Those Small Knitty Gritty Kids (or How it All Came About)

This story began as an entry in a children’s story competition and when unsuccessful there, moved on to be accepted by another anthology of women writers. It is now part of an eBook with proceeds going to a specified charity, but copyright remains with me.

Now here it is for you to enjoy – for free. Do hope you and yours share many happy hours learning about my Small Knitty Gritty Kids. Will you be tempted to learn more about them? They were so much fun to create, and each one of them have the most amazing tales.

I hope it won’t confuse you too much that these are being read as bedtime stories by the author’s grand-daughter to her small brother. I’m hoping they are divided clearly enough for your reading pleasure.

Please stay patient with the tweaking I will probably continue to do as I add more chapters. It’s one of the ‘norms’ of this authoring business… to keep finding things to change or improve!

Welcome to my small family’s world!

Those Small Knitty Gritty Kids (or how it all came about)

“Sarah? Sarah?” I hear the voice, but it’s a dream, isn’t it? …Until, “SARAH ANN MOYLE!” jolts me wide awake. The first was Jonjon’s, the second my mum’s. Once again I’ve fallen asleep reading a bedtime story to my little brother. As Mum’s head disappears behind the door, I’m awakened now, but flustered; searching for a reason for my unexpected sleepiness. Could be because I’m ‘thirteen going on thirty’, like Mum always says… and follows that with – ‘back when I was young’. All that yibbity-yabbity-doo can exhaust a brand-new teenager!

I drag my attention backward to the current read. And as I look at Jonjon squashing down a yawn, I realise my unexpected doze-off isn’t tiredness at all. His fidgets and head scratching and nose-picking tell me it’s boredom we share – but I have no wish to blame the book. It IS a delightful story. I loved it when I was young. I don’t know, seems to suggest I need something more… uhrr... lively, maybe? To fire up my imagination, I’m thinking. Like using funny sounds to play games with the words. Big bad gruffy voices and little squeaky, scaredy ones. Then we’ll both stay wide awake and eager. Won’t we?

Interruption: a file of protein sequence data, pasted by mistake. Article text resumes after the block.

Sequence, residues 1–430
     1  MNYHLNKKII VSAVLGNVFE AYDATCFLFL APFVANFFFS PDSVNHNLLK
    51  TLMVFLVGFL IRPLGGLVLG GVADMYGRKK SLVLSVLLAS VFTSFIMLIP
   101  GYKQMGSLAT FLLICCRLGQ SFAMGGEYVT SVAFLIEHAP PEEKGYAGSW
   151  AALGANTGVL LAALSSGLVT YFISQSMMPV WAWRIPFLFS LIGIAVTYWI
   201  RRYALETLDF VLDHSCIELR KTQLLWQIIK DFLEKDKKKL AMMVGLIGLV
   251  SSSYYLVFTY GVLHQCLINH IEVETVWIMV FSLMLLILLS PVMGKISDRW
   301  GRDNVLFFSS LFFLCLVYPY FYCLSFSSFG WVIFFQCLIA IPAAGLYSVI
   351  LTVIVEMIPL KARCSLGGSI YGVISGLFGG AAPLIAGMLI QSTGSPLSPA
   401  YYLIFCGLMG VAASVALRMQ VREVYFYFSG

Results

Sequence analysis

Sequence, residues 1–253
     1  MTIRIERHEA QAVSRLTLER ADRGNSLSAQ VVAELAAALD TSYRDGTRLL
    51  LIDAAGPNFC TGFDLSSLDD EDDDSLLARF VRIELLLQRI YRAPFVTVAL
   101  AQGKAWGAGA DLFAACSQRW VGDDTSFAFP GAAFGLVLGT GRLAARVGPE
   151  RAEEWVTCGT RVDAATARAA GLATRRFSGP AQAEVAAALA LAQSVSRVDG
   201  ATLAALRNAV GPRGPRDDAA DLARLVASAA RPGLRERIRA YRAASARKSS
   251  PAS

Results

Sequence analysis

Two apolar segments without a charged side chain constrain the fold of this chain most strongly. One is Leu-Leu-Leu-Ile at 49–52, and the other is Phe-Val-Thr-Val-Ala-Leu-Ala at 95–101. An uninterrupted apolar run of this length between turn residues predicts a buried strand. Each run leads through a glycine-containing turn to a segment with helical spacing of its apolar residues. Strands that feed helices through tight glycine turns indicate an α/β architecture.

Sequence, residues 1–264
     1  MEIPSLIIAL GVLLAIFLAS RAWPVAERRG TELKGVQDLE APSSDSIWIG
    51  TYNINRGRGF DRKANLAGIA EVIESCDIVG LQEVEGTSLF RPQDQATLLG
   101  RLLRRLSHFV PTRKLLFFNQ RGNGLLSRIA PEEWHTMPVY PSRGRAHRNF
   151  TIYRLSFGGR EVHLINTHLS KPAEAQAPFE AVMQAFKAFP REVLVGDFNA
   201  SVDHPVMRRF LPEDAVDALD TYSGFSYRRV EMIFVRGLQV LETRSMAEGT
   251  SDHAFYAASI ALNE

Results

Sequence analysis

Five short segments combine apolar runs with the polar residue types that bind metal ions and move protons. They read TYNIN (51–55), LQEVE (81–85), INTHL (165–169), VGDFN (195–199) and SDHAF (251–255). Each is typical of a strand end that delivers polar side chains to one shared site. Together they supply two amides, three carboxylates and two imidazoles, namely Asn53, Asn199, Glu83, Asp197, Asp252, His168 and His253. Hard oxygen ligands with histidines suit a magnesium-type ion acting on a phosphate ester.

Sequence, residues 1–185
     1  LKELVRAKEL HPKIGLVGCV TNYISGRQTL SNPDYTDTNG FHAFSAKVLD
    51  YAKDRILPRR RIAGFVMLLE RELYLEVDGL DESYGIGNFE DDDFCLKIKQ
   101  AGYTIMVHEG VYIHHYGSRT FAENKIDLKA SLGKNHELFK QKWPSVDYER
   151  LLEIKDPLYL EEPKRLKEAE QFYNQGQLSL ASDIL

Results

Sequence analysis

This book IS wonderful. I loved it when I was younger. Maybe that’s the problem. I’ve read it so many times before that reading it aloud is SO predictable for me now. It’s not only knowing it so well, but the story doesn’t have IT for the more mature reader, like myself. I flounder about, trying to figure out an alternative. And out of the blue, there it is. Been there all along, I guess, tucked into a dusty corner of my think-tank.

“What? What? Whatsa matter Sarah?” Jonjon says as I bound out of the bed, almost falling in a tangle of bedclothes.

“SHHHH…” I hiss. “If you don’t lay down and close your eyes, I won’t be able to find the surprise.” There’s Buckley’s chance of him doing that, but it’s worth a try. For once he listens to me – and when I hint at a most special book brand-new to him though it’s old, he’s at full attention. He snuggles down with only nose and scrunched-up eyes showing. As long as Mum or Dad don’t come too close to see he’s only faking sleep, he’ll get away with it. How that little boy loves his books. Always has. Most of the six years of his life.

I sneak up to the attic and the big old oak box with its lift-up lid… just like the time I followed Mum when she went looking for one of Granny’s diaries to check an important date. Granny’s great carved Oak ‘glory box’ or ‘hope chest’, intended for storing all the linens (and dreams) of young unmarried ladies. But Granny had other treasures to keep safe from moths and mice – her precious writing books and photos. It was for similar protection, including sneaky attacks from silverfish and mould.

Memories of that secret snooping time, AND the stories Mum had shared with me when I was younger came rushing back. How I miss them since she stopped reading them to me. A tear or two fall. I didn’t break that manuscript into hundreds of separate sheets on purpose.! It slipped. And fell. And I don’t know why I started laughing. Deep inside, I wept. I hope she’s forgotten… and haven’t dared remind her. Ohh, I SO want to prove to Mum and Dad I CAN look after a book and it WAS just a terrible accident. And I need to teach Jonjon what a treasure all books are… Granny’s in particular. I’ve always loved them more than any other.

Now, as I creep up the stairs (and I know all about the creaky ones and when to only tread on the outside of a step, or even miss that squeakiest one altogether), I’m confident I won’t be caught. Mum and Dad are downstairs, satisfied I’m reading to Jonjon. And the box? The best news is that it’s not locked because that lid is SO heavy to lift, Mum knows it’s safe from little kiddies’ prying fingers. But big girls and bookworms? That’s another matter. And big girls and bookworms and curiosity and stubbornness? There is a formidable combination.

A monster heave or three, and just I’m thinking my bravado could all be used up, with a creak, the lid eases open. I’m sweating like an apple out of cold storage, but there’s Granny’s treasure – exposed to the world again at last. Rubber bands hold together a great heap of her writing books and a pile of papers. I choose a few books and one bundle, and clutching them tightly to myself, close up again, covering the lid with its patchwork cover – another of Granny’s fantastic creations. I study box and cover for some moments, finally turning away and leaving, satisfied no-one will find anything out of place. Time enough for complete honesty when I’ve proved my belief… that Granny knew how to capture the hearts of both kiddies and their ‘young at heart’ out loud readers.